SPECIAL COLLABORATOR Honorary Collaborator
3 stars This is the first album of this curious, original Mexican experimental chamber quartet named 1870, who come from the city of Querétaro, and whose members are experienced in some other projects such as orchestra, so the talent is inherent in them. The name of this debut album is "Mitos de una resurrección", which contains 6 tracks and a total time of 54 of avant-garde music, inspired by literature and writers such as Guy de Maupassant.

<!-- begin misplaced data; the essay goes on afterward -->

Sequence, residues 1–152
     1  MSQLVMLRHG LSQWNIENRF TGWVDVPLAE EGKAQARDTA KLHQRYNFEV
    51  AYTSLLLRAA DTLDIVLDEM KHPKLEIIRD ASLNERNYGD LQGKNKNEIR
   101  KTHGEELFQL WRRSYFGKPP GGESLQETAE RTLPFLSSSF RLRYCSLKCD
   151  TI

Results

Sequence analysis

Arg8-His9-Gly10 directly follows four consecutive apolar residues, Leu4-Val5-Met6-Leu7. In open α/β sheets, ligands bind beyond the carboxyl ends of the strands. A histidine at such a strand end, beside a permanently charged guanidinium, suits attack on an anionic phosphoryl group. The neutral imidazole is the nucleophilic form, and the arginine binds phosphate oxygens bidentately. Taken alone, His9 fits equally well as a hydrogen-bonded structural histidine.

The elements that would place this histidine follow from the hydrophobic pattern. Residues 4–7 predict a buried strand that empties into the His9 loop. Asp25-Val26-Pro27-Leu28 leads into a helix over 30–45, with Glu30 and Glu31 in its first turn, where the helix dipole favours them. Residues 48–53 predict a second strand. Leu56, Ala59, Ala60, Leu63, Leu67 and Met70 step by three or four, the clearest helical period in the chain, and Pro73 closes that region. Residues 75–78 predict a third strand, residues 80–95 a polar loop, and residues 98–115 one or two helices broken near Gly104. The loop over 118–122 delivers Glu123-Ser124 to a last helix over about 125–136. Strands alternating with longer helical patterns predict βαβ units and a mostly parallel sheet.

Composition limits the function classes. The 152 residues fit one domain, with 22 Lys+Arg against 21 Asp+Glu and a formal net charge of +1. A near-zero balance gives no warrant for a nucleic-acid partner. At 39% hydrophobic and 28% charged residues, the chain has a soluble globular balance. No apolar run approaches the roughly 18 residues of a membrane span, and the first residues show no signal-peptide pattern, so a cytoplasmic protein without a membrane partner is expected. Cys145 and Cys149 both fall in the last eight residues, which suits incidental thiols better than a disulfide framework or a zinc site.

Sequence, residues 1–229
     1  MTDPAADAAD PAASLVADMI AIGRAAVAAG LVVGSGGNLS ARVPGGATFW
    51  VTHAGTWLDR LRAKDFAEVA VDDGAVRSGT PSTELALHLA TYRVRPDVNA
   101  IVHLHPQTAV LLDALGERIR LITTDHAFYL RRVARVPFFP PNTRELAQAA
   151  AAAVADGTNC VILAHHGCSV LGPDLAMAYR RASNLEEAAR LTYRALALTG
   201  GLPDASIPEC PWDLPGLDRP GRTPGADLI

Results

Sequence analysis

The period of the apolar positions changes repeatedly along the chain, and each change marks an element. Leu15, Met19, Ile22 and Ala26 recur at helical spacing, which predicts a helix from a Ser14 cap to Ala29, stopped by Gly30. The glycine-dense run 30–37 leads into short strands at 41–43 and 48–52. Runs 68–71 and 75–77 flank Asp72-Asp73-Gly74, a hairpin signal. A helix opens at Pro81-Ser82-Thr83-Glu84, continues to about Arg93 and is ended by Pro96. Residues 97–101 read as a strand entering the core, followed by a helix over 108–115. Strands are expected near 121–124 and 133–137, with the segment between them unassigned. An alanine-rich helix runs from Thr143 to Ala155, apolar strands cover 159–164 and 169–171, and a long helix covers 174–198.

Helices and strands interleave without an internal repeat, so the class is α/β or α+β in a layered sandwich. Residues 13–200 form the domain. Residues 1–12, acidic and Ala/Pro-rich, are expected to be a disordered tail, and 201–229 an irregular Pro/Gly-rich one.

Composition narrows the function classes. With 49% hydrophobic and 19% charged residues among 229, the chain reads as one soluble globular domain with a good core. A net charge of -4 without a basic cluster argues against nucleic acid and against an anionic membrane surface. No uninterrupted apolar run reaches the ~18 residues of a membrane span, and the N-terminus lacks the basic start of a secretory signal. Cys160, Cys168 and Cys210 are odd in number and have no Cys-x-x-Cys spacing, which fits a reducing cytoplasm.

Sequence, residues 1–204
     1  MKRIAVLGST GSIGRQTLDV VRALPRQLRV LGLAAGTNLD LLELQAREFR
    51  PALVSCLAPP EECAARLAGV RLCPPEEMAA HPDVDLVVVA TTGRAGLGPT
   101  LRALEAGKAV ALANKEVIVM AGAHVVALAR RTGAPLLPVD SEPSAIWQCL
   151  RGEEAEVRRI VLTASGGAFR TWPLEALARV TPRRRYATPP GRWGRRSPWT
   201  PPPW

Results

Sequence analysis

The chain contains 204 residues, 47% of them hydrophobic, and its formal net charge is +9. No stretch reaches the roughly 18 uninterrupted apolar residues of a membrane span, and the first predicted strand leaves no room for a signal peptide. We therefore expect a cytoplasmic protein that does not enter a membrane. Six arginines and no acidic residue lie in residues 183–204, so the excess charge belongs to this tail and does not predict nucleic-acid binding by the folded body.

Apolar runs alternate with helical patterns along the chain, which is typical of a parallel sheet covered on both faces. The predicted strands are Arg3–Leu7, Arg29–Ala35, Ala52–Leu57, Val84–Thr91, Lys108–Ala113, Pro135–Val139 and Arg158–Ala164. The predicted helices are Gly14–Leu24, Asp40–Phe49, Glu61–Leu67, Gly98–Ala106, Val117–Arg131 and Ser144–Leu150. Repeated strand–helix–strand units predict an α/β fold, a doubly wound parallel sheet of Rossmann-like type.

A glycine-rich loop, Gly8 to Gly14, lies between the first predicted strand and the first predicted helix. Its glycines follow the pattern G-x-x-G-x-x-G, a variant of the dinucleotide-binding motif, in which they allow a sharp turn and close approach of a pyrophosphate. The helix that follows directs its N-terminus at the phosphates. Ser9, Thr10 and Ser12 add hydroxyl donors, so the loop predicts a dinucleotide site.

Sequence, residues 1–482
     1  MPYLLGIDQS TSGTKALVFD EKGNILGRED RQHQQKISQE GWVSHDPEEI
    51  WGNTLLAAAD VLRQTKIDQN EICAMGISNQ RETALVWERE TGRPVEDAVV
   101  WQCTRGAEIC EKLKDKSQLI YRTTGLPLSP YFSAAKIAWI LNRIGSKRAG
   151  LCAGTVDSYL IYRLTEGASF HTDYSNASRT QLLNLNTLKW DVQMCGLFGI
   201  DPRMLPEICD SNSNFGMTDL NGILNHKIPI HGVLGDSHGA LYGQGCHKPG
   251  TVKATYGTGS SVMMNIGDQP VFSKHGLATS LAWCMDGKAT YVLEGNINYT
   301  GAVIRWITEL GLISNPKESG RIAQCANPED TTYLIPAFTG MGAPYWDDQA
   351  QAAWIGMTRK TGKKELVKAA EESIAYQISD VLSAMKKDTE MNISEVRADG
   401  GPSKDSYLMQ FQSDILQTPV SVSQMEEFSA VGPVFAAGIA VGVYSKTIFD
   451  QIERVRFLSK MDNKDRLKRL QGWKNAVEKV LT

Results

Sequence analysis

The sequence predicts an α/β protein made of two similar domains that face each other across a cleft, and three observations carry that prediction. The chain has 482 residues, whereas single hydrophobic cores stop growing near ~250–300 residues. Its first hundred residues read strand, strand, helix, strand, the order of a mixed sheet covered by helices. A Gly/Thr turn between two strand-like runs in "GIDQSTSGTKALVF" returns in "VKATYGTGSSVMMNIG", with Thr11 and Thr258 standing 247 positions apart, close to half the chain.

"Puerta abierta" opens the album, here we can appreciate some horns talking with an oboe, they keep their talk for three minutes and then the electronic effects appear and change a little but the direction of the song, so a new passage is implemented now, with some kind of dark and somber atmosphere. "Canto primero (quiera el cielo)" starts when vocals enter for the first time, this is Gustavo Albarrán with a pitched voice that may scare you, he repeats the same phrase over and over, and first seems to be lost without a goal, but later where oboe and drums enter they seem to be packing a new fate, building some colorful structures based on the poem of life. At half the song the voice returns but now with a "normal" tone, though the scary feeling continues.